Resolved in the negative, and amendment disagreed to accordingly.

26 Oct 1999 : Column 215

6.15 p.m.

Lord Clifford of Chudleigh moved Amendment No. 16:

After Clause 3, insert the following new clause--


(" . Section 1 shall not apply in respect of any proceedings in the House of Lords on a constitutional bill or a bill including constitutional provisions, and any person who is or becomes the holder of a hereditary peerage shall be entitled to sit and vote on such proceedings.").

The noble Lord said: My Lords, I am glad that the House has had the opportunity of a preamble to my amendments. I do not believe that my first statement will come as a surprise to anyone in the House. Many hours have been devoted to debating the merits of reforming this revising Chamber. The many words written in newspapers, magazines and articles that cover the same subject indicate the size, nature and importance of this constitutional beast.

Those of us who read Sir Robin Day's article in the Daily Telegraph on 2nd September will be aware that he listed the occasions on which this House had been subject to review since the Reform Act 1832. He quoted the Reform Acts 1867 and 1887, the Ballot Act 1872 and the Parliament Acts 1911 and 1949, as well as the Life Peerages Act 1958. Those and other reforms have, step by step, broadened and transformed our Parliament as upholder of the democratic

26 Oct 1999 : Column 216

constitution. Surely, no one can argue that Members of this House are, or have been, blind to its faults over the past 100 years.

I remind another place that this House agreed to a massive reform of its composition and influence some 21 years ago, only to be turned down by the House of Commons. It was with deep regret, and obvious surprise, that on 30th March we heard the noble Lord, Lord Randall of St Budeaux, say that he had met with an "unexpected feeling of hatred" within the corridors and Benches of this House. I admired the contents of his well balanced speech but was shaken by his initial impression that this was a "House of Hate".

I turn to the former Leader of the House, the noble Lord, Lord Richard, and to the present holder of that office, the noble Baroness, Lady Jay of Paddington, and request that they examine their consciences, for they have not appeased but propagated the unnecessary feeling of spite--"SPITE" being an acronym for "socialist ploys inclined towards envy"--that has marred such an important period during which we have been negotiating the future of this country's constitution.

As a hereditary Peer, I am likely to have been slighted for a greater period of my life than many life Peers because I have a title, or was born with a title (if that is a little more pleasing). For the Leader of the House to slight me out of spite and to belittle hereditary Peers as nothing better than Armed Forces material or farmers--I hope that the Chief Whip also notes this--ruffles the feathers somewhat. When another place posts our peace-keepers to Bosnia, Kosovo, Northern Ireland and now East Timor, and the present Government appear to show continued disrespect for farmers' support of the rural way of life, we in this House are supposed to act like parliamentarians and not be subject to a system of "flooding" by politicians. Surely such a bias smacks of power preservation by the executive--the Cabinet, the leaders of the policy-making body which regulates this country's future. Surely both Houses of Parliament can credit this nation's population with sufficient intelligence to note that such a bias is designed to benefit the fat cats of the Cabinet.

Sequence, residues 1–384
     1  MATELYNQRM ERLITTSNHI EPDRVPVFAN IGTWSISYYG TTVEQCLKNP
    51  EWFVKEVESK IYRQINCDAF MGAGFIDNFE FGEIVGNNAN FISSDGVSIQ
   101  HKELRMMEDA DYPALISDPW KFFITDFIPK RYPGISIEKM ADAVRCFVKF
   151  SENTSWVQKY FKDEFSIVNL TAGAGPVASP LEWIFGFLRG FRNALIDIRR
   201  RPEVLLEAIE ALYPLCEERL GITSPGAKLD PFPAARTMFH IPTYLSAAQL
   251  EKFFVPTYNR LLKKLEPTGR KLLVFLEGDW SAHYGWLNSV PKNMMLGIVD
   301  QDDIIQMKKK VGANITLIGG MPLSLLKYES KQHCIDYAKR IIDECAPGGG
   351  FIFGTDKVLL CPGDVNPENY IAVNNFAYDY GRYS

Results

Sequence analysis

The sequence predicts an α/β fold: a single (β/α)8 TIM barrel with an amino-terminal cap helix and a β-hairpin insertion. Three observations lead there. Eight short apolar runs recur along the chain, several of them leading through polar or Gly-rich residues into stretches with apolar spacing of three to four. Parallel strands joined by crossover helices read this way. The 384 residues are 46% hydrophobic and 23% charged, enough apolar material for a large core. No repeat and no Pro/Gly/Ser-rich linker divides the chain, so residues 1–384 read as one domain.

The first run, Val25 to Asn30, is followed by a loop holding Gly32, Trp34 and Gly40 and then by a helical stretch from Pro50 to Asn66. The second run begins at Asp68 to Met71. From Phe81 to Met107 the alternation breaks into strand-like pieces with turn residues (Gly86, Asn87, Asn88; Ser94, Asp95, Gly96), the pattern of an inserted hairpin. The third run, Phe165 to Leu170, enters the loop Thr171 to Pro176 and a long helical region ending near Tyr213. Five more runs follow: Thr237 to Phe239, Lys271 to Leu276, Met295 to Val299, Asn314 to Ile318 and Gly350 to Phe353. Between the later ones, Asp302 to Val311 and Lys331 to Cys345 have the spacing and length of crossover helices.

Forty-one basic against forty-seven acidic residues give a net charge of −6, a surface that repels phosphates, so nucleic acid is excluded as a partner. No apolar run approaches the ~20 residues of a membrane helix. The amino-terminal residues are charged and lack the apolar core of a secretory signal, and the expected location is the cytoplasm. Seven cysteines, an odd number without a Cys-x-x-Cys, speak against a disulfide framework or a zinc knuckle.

Since 1997 more and more electoral privileges, human rights and choices have been removed or outlawed by another place; and yet, when it comes to making a monumental constitutional choice as to who should monitor our legislators and harness the possible dictatorial nature of the executive's wishes, this House has been persuaded against holding a referendum--asking the people their opinion about how well this House, as it is composed, reflects public opinion on farming, Europe, demands on the Armed Forces, education, pensions, the disabled, health, management of our services, the infrastructure, and so on.

The Government were elected as the people's choice by 30 per cent, or thereabouts, of the electorate on what they promised in their manifesto. I agree that the removal of hereditary Peers was one of the intentions expressed in the Labour Party manifesto, but so was a

26 Oct 1999 : Column 217

freedom of information Bill, better standards of education, shorter waiting lists for medical attention, and the removal of sleaze--the usual political bilge that the electorate expect at every single election. They were promised a referendum on Europe. Do they really think that they will have one? Those in Scotland, Northern Ireland and Wales were lucky. They were given a referendum on a matter of constitutional importance: devolution. This House, this body of mature individuals, does not pretend to be anything but a practical listening institution which hopes and endeavours to work with the elected Chamber in good faith to produce sound legislation for entry on to the statute book.

Although, like another place, we are subject to lobbyists, most of us are at, or close to, the zenith of our careers and do not care for being lectured on, or told repeatedly, our responsibility and duty. But having considered the House of Lords Bill in full, and having been told that we are to elect 90 hereditary Peers for an interim Chamber two months before the Royal Commission presents its report on a proposed interim Chamber, it is clear that this House of Parliament is being subjected to arrogant bullying, not the considered opinion the nation expects from its leaders.

Parliaments should be able to distinguish between mere casual opinion, which should not be paramount, and the way laws affect people's livelihood and settled way of life. If they do not do so, they will encourage and be subject to media rule, a mode espoused by fascists and communists alike. Such extremists are permitted to introduce whatever takes their fancy under a smokescreen of misinformation and a persistent drizzle of indoctrination.

Taking account of the well considered statements made by your Lordships since 1998 acknowledging our role as the final revising body of Parliament, and not abrogating that responsibility, it is clear that the House of Lords Bill contains defects and requires redrafting.

I recognise that many noble Lords have offered themselves for election by their hereditary Peers on 3rd November. Seventy-five may attain that goal. By considering the legal facts, the details given to noble Lords on the subject of the constitution, and taking notice of their consciences, noble Lords will see that the fair governance of this country is most important. I remind your Lordships that infidelity to the truth destroys dignity. I beg to move.